I love collecting weird hobbies and experiences, and often joke that I’m a “method writer.”
It’s only partially a joke: I’ve been known to seek out adventures in the same flavor of what I’m writing. (See: this deep cut from my archives where I shot guns and learned about them six years ago for a novel I was writing. Baby Amy was — and still is — a die hard method writer.)
When I was writing a story about my hometown, I made the trek back to Middle of Nowhere, Arizona, and made a point of meeting up with as many old acquaintances as possible. I visited gun ranges to learn about what my characters would know about owning and firing a gun, I hung out with tumbleweeds in the desert and watched the sunset. (The sun setting in the desert is probably the only beauty I’ll admit exists in the wasteland that can be endless stretches of brush and plants that want to fight you. Jumping cacti, anyone?)
The stories I’m working on now are being continually reshaped by the experience I’m seeking out — and vice-versa. I make an effort to be a method writer, and it pays off.
I truly believe the more wildly we wander, the better our words become.
So here’s how I approach “method” writing.
How to Have Experiences Worth Writing About as the Foundation for Method Writing
I have a wacky combination of freelance jobs right now since I’m in-between writers’ rooms. (Which I’ve written about before in my ‘Day in the Life’).
This means I have excuses to interview artists for magazine articles, write memoirs about people who are living extraordinary lives, and spend the afternoon at the Hammer for “work.”
At the end of the day, I can synthesize all of this into the ridiculous combination of interactions into my work. That’s why an interesting day job pays off in spades. (And hopefully, money. That too.)
It’s worth taking a job for its value to your education on humanity and exposure to fascinating people and topics. This flies in the face of what I’ve been told before about taking a job just for the money, but it’s definitely possible to find something that checks both of those boxes.
So, once you’ve mastered the art of creating a life worth writing about and practiced the art of living an examined life, you’re ready to dive into method writing.
Exercises for Method Writers
- Live like your main character for a day. This is a weird one, but it’s worth it and you can take this as far as you feel comfortable with. When I was writing about a character who was going blind, I didn’t wear my glasses for a day. Would not recommend: I have something like -6 vision so it was a struggle. However, it did make me aware of all of the things I take for granted as someone who can see, and how terrifying it can be when you can’t make out the world around you. Those details made it into the final draft of my script, which won me an award at USC and placed in the second round at AFF.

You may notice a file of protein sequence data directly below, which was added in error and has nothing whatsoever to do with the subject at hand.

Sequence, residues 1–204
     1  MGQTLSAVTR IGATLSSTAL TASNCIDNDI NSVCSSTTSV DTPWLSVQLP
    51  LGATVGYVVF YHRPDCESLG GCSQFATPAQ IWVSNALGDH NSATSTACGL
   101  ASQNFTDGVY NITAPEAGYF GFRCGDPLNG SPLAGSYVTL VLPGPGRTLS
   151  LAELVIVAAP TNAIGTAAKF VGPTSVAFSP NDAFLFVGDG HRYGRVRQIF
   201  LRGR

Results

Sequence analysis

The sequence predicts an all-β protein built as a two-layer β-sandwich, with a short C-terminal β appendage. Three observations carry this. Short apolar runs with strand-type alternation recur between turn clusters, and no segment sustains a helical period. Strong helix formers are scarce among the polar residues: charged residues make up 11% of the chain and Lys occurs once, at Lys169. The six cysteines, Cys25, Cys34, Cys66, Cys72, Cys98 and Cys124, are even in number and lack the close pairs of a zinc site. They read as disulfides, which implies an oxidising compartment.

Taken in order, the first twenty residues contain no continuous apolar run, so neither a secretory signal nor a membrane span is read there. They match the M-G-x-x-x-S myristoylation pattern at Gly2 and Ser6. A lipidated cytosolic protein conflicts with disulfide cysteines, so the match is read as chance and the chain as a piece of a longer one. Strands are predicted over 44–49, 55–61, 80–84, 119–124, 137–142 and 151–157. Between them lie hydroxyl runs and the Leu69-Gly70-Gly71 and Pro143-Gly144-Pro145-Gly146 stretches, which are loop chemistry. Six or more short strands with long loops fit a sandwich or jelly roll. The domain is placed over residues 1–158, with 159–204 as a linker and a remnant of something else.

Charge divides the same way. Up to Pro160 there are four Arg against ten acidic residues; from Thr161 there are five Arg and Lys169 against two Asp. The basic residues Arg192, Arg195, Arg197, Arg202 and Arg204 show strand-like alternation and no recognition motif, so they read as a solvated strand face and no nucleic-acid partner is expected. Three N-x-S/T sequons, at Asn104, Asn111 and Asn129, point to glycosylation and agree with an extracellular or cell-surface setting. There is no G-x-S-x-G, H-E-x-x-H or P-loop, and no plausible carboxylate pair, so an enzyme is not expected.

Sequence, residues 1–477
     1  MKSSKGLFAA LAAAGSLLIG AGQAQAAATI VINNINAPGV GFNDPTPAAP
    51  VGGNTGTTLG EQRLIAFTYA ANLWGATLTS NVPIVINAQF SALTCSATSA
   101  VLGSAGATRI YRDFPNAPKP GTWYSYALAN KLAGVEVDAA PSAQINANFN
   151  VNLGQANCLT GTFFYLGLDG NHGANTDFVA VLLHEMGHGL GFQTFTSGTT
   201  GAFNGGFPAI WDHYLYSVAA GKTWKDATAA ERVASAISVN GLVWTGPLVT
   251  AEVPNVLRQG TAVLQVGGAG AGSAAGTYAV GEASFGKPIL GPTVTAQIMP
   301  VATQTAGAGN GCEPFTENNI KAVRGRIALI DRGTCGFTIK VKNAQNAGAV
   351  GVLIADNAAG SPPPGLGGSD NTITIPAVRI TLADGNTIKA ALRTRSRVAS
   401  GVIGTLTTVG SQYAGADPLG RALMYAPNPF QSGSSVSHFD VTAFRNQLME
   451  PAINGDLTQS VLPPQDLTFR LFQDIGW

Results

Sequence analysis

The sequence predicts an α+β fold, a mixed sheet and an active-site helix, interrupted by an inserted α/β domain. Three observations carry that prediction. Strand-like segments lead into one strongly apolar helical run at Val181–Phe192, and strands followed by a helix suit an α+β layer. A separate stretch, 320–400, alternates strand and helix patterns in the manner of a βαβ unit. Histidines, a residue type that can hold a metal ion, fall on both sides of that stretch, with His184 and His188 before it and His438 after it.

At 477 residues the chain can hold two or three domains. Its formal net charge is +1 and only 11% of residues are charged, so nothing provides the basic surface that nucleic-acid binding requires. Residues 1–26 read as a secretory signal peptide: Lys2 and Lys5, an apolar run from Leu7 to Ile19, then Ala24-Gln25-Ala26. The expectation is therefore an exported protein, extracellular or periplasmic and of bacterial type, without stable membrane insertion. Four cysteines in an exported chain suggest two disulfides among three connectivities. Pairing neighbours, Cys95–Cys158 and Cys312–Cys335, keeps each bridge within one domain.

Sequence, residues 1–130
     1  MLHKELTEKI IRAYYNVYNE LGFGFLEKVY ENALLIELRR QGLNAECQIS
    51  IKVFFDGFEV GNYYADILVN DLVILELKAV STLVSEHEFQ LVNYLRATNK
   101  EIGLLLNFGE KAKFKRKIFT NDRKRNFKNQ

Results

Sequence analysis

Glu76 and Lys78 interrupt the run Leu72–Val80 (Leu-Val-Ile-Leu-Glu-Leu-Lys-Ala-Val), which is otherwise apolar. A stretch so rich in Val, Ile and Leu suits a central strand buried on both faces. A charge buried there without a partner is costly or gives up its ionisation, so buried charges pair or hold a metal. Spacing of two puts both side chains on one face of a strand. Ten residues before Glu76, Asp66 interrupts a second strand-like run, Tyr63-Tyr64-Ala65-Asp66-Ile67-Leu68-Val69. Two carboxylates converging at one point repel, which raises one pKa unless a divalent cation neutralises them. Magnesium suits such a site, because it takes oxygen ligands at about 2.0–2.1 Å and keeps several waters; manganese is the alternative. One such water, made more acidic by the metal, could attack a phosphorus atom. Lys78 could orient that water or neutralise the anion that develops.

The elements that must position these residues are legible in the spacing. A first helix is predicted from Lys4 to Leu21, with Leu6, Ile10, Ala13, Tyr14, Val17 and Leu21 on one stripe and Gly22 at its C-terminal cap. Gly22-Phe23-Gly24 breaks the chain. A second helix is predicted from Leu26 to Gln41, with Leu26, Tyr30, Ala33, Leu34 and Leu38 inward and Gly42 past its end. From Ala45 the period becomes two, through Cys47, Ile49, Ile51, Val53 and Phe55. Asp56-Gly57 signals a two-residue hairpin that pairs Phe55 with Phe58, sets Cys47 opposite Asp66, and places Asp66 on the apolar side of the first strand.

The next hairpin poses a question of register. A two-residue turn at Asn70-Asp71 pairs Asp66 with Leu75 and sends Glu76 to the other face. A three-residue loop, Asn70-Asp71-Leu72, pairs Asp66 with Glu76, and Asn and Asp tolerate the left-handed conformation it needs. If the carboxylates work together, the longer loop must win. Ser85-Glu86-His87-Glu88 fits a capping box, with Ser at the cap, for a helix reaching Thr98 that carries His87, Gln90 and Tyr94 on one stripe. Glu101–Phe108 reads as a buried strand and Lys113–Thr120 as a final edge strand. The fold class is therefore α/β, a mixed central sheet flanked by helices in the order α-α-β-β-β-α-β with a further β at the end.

- Write in the places your characters inhabit. From Walden to The Sun Also Rises, authors have always garnered creativity from the places they inhabit. You don’t have to be an expat or forest dweller to do this: even if you just spend a weekend in an odd AirBnb in the middle of nowhere or spend an afternoon writing off the beaten path, you can get the creative benefit of changing your mindset and your location.
- Write first-person character diaries. I love this exercise because it forces you to step outside writing from your own perspective and truly understand how the brain of your characters work. When we’re writing diaries or journals, we switch off the performative side of our brain and just write. So who is your character when they’re not performing from the world? How do they relate with the world around them, what do they think of the other characters?
- Learn a new skill that your character knows. I’m a serial hobbyist: I’ve taken classes in archery, computer hacking, lockpicking, and was a competitive ballroom dancer. All of these skills have made it into my scripts in some way over the years. Once you learn a skill, you have valuable insight and context that can elevate a character — and connect on a deeper level with readers/viewers who also love that same hobby.
- Interview people with the same profession as your character… and then try out that profession, if you can. I love this one. As you can see from my intrepid reporting above, I’m hoping to use my experiences from some of these odd freelance jobs as context for my characters. I’ve also interviewed professionals in other fields for scripts, and they’ve provided valuable research and insight into their lives when it came to character and plot construction. As a writer, every day is career day for us: we’re constantly trying on new professions, trying to see what everyone else’s jobs look like from the inside.
- Write and perform a monologue as your main character. Even if you just deliver the monologue to your bedroom mirror, it’s a great way to capture their style of dialog and inner thoughts. Bonus points if you write the monologue about a turning point in their life or in the story you’re telling about them — you never know what you may end up using.
At the end of the day, I interpret ‘method writing’ as just immersive research.
In order for us to accurately portray truth in our work and in our characters, we first have to discover that truth for ourselves.